Relations between the federal antitrust authorities need fundamental reform with greater coordination of the activities of the agencies responsible for protecting competition, said Federal Trade Commissioner William E. Kovacic. He said that too often there was little in the way of cooperation between the Federal Trade Commission, Department of Justice, industry-specific regulators and state attorneys general. “We have an archipelago of policy makers with very inadequate ferry service between the islands,” said Kovacic, in an interview with Dow Jones Newswires Thursday. “In too many instances when you go to visit those islands the inhabitants come out with sticks and torches and try to chase you away.” … Kovacic said relations between European Union antitrust authorities and his agency at times were better than those between the FTC and Department of Justice. “We develop more effort internationally with our counterparts to cooperate in the competition area than we do domestically with our counterparts,” he said. Such an observation is striking, considering that the two agencies sit almost directly across Pennsylvania Avenue from each other. One clear difference between the two agencies, said Kovacic, was how they dealt with disputes between international antitrust agencies. “You will not see the kinds of fairly pointed critiques that have come from our sister agency especially in connection to GE Honeywell,” said Kovacic. He was referring to the public spat between the DOJ and European Union competition authorities in 2001 after the EU vetoed the merger between General Electric Co. (GE) and Honeywell International Inc. (HON) after the U.S. had already cleared the merger. “You can have debates and disagreements, but there is a culture inside this building that the sharpest of disagreements get vetted internally and your counterparts are never surprised,” said Kovacic. … Kovacic saved his harshest comments for the situation involving drug makers Schering-Plough Corp. (SGP), Upsher Smith Laboratories and American Home Products – now Wyeth Pharmaceuticals (WYE) – that came to a head last summer. For five years, the FTC had been pursuing a case against the companies alleging that Schering-Plough offered a payment to the other two firms to delay their entry into particular drug market. Its decision was overturned by the 11th Circuit Court of Appeals in May 2005. The Supreme Court then refused to hear the case after the Solicitors General’s Office, according to Kovacic, on the advice of the Department of Justice’s antitrust unit, told the court it didn’t believe the FTC had a case. “It is as though the expertise that is supposed to entitle us to some deference entitled us to exactly none,” he said, still visibly angry at what happened. “I think from both the antitrust division and the 11th Circuit we got the deference that a wayward child would get from an irate parent, which is to say zero.”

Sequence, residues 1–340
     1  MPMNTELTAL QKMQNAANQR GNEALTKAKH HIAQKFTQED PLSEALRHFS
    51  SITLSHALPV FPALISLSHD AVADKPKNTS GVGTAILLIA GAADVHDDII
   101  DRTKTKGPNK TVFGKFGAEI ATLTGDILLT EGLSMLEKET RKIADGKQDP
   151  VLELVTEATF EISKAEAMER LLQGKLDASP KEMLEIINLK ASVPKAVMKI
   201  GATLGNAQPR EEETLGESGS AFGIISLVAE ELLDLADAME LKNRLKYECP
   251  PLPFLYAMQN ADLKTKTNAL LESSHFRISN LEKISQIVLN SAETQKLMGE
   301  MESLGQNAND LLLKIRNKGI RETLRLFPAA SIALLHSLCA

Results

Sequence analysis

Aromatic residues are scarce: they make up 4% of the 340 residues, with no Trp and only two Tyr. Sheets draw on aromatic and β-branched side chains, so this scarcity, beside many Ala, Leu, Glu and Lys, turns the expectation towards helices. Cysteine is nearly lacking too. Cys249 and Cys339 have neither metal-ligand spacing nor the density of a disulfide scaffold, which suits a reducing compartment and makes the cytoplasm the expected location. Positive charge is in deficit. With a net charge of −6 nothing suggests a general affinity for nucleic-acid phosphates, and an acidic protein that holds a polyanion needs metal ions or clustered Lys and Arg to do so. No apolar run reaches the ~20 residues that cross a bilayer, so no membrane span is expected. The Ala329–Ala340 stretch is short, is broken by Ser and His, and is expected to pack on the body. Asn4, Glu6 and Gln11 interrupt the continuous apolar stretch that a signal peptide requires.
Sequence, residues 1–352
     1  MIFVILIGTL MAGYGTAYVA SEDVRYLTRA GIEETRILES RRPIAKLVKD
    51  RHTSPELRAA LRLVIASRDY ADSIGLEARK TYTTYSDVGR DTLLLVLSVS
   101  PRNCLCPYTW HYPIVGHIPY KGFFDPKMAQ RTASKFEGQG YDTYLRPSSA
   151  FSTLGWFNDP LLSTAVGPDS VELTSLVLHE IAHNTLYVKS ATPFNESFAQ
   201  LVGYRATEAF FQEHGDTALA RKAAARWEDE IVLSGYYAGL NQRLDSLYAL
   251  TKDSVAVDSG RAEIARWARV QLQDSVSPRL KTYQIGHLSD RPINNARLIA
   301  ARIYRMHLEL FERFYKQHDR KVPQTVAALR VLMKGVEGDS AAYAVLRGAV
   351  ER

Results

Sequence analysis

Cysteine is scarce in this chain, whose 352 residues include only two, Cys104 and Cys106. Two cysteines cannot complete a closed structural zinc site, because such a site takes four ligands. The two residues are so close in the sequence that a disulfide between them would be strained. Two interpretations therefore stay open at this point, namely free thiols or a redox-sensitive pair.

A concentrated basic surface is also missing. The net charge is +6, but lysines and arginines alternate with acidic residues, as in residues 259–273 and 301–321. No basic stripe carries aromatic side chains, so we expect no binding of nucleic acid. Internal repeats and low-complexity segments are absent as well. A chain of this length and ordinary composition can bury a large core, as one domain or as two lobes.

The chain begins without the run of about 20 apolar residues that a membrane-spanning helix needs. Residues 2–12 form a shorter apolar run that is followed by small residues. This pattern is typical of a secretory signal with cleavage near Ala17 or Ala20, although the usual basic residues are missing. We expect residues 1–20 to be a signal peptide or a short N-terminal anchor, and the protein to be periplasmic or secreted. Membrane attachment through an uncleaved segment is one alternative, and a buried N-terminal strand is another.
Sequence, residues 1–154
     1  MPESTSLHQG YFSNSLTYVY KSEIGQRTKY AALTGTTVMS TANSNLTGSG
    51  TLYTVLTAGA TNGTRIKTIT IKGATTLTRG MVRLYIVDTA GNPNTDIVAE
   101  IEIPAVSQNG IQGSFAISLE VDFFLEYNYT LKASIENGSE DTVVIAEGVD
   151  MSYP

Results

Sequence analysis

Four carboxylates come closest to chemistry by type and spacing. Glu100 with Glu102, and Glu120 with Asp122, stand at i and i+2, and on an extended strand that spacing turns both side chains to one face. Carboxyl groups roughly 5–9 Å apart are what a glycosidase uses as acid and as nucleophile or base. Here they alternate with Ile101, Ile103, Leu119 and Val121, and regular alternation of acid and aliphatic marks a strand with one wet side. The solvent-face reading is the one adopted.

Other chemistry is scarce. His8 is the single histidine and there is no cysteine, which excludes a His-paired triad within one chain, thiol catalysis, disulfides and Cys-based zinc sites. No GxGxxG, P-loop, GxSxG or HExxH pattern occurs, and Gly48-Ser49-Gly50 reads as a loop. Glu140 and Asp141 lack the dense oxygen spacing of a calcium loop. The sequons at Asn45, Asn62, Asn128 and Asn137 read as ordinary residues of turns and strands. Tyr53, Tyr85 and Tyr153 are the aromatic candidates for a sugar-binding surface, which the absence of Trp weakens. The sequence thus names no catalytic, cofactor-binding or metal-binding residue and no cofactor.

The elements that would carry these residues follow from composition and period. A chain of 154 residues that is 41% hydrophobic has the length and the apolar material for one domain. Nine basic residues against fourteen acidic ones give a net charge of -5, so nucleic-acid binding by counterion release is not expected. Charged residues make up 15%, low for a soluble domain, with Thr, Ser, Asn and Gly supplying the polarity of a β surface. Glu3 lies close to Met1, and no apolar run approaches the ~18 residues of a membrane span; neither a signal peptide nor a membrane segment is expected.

Among the many interesting aspects to Commissioner Kovacic’s comments is his criticism of the courts, particularly the Supreme Court. Although it has been several months since the Court declined to hear the Shering-Plough case, he became “visibly angry” about it. Interestingly, he was upset not (or, at least not only) because he thought the case had merit but due to the courts’ lack of “deference” to the FTC. This is not surprising as Commissioner Kovacic has spent a significant part of his professional career with the FTC; in addition to his current position as a Commissioner, he was the FTC’s General Counsel from 2001-2004 and from 1979 to 1983 worked in the the Bureau of Competition’s Planning Office and then as an attorney advisor to former Commissioner George W. Douglas.